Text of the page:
Royal Dutch Shell Plc  .com Rotating Header Image Nigeria: Shell Battles Etete Over Oil Block

This Day (Lagos)
2 July 2007
Chika Amanze-Nwachuku

Shell Nigeria Ultra Deep Limited (SNUD) yesterday threw more light on the dispute between it and Malabu Oil and Gas Limited, a company owned by former Minister of Petroleum Resources, Chief Dan Etete, over the ownership of an Oil Prospecting Licence (OPL245).

SNUD insisted that the acreage licence was awarded to it in a competitive Production Sharing Contract (PSC) bid round in 2002.
The oil block licence granted to Malabu in 1998 was revoked by the Federal Government in 2001, after which it was awarded to SNUD, Malabu’s former technical partner.

But following an out of court settlement of the six- year old dispute, the Federal Government last month restored the block back to Malabu.

Malabu, had in the wake of the withdrawal of the oil block licence, accused SNUD of being the brain behind the revocation because of its interest in the block.

Consequently, the company instituted several litigations against the Federal Government and SNUD, claiming that the action was taking in bad fate.

But dissatisfied with government’s decision to restore that oil block licence to Malabu, Shell approached a Federal High Court in Abuja to set it aside, insisting that it was never a party to the out of court settlement.

The Communications Manager of Shell Nigeria Exploration and Production Company (SNEPCO), Mr. Tony Okonedo, stated that SNUD rejected the purported out of court settlement and is currently challenging it in court.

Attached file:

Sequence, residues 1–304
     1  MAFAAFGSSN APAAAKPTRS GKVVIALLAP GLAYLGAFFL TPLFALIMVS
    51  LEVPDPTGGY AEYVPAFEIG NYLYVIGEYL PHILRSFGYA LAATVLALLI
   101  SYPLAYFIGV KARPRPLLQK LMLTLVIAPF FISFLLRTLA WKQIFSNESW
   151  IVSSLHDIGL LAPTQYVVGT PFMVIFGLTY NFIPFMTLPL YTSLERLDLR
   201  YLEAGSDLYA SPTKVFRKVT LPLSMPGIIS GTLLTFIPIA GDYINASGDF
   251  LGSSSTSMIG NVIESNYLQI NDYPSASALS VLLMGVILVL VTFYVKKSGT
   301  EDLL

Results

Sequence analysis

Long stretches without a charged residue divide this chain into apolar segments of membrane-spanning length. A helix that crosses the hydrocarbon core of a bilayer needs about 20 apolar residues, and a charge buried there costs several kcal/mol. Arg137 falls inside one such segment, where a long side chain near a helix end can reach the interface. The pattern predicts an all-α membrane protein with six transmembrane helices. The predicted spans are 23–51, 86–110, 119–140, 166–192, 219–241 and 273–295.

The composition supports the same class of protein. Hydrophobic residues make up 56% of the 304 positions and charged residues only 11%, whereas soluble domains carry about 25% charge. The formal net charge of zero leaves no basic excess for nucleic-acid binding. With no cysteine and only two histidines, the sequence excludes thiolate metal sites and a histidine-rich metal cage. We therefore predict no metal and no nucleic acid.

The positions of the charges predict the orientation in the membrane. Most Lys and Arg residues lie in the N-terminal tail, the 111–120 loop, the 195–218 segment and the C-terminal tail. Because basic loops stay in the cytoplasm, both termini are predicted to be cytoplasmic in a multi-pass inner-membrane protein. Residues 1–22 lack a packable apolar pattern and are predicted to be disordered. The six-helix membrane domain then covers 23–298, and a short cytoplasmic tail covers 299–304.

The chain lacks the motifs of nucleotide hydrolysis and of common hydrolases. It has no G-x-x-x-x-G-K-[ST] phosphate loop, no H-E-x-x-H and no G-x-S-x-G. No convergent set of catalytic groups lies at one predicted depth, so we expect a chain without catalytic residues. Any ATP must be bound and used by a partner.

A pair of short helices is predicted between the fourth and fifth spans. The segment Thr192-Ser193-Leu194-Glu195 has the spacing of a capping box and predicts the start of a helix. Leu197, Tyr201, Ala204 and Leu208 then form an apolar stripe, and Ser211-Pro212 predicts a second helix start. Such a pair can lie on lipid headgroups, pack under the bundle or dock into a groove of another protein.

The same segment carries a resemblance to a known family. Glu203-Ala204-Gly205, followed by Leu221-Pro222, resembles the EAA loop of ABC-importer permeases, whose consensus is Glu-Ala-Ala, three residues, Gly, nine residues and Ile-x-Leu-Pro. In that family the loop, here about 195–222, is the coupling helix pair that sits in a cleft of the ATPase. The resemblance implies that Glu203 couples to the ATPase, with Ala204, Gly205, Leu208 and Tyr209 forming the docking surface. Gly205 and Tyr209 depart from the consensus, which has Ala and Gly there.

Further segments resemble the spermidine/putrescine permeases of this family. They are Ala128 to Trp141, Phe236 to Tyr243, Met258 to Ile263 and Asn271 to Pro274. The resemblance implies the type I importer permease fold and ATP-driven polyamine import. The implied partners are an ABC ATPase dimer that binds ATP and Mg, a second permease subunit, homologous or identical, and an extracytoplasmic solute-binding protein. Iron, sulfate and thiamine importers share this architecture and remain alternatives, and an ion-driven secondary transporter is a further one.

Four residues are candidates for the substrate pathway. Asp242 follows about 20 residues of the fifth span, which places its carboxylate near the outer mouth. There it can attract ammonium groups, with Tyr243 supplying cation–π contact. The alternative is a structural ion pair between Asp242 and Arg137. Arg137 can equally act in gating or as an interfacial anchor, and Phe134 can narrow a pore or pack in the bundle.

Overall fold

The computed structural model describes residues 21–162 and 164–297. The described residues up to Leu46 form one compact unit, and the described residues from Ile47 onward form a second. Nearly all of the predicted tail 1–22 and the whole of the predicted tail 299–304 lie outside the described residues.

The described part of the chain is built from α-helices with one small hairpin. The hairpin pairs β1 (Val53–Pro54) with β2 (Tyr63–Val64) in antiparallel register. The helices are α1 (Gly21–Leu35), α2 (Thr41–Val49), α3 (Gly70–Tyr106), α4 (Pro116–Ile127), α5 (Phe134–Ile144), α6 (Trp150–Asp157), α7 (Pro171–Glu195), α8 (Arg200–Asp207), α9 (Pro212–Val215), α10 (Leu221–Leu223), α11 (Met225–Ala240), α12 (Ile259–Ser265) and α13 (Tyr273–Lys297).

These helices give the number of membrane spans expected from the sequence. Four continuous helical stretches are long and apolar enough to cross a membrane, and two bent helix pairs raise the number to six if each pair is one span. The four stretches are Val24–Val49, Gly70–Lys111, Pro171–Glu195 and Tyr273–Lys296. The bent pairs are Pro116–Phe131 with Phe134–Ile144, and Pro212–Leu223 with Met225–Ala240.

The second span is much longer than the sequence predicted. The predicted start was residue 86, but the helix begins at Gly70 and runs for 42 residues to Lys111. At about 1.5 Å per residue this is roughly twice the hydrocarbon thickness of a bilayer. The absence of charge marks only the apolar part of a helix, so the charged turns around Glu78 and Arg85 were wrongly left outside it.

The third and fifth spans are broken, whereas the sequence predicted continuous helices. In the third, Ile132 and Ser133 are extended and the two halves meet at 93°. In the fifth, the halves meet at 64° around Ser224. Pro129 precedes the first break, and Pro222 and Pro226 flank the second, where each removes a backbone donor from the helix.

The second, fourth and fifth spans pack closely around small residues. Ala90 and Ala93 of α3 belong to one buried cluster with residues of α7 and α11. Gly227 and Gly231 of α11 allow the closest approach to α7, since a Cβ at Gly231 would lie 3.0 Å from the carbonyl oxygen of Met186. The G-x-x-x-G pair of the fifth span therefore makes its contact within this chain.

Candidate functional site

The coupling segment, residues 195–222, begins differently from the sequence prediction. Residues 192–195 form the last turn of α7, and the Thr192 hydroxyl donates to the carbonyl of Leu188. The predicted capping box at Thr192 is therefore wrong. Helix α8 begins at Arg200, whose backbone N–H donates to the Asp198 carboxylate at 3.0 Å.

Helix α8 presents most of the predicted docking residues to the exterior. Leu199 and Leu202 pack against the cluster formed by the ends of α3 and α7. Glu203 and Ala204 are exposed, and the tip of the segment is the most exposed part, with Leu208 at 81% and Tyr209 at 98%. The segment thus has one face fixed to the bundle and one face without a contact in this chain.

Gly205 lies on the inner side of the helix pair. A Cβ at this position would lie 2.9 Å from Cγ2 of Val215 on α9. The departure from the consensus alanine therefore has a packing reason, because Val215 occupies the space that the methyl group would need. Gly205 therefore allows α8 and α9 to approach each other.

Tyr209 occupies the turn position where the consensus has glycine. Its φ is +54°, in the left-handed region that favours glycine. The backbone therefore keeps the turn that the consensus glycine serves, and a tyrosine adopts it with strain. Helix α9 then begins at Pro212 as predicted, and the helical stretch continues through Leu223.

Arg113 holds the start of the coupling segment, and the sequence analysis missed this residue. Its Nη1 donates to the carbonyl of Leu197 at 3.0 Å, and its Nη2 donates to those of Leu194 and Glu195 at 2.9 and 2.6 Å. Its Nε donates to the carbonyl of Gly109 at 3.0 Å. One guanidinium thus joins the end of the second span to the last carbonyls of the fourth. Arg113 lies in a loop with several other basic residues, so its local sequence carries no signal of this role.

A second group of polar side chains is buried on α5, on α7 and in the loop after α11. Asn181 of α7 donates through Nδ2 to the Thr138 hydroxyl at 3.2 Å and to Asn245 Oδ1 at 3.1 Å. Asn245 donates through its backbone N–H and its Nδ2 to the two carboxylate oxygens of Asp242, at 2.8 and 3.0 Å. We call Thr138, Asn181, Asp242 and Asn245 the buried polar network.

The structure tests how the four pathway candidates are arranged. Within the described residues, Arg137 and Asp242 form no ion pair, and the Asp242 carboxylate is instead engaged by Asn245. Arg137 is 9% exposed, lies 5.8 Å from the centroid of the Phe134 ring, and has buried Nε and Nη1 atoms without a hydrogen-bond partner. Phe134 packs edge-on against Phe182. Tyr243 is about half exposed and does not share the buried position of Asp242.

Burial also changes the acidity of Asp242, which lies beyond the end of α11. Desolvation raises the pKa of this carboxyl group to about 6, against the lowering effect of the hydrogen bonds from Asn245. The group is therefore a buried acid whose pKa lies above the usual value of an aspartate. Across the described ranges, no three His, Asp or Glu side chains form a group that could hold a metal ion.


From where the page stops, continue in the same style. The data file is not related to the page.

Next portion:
While maintaining that the oil block licence was issued to his company after due process, Okonedo said there was no iota of truth in Malabu’s allegation that his company instigated government’s revocation of the acreage licence, as according to him, SNUD participated and won the bid for the oil block in an open exercise conducted in 2002.

He explained that SNUD, after the bidding, became PSC contractor to the Nigeria National Petroleum Corporation (NNPC), a contract, which he said, his company had been actively executing.

Malabu Oil and Gas had at the weekend maintained that Shell was instrumental to the revocation of its oil block licence in 2001 and affirmed that it had filed a preliminary objection to Shell’s suit before the court.

Addressing newsmen on the matter, Malabu’s Company Secretary, Mr. Rasky Gbenigie, vowed that the company would resist moves by Shell to continue to act as a clog in its (Malabu) efforts to develop and realise the full potential of the oil block.

He argued that Shell could not have been a party to the settlement agreement because the issue of ownership was a dispute between Malabu and the Federal Government, adding that it was in pursuance of the terms and conditions of the grant of the OPL 245 to Malabu that it (Malabu) sought the technical partnership of Shell, which the indigenous company also assigned 40 per cent participating interest as its technical partner.

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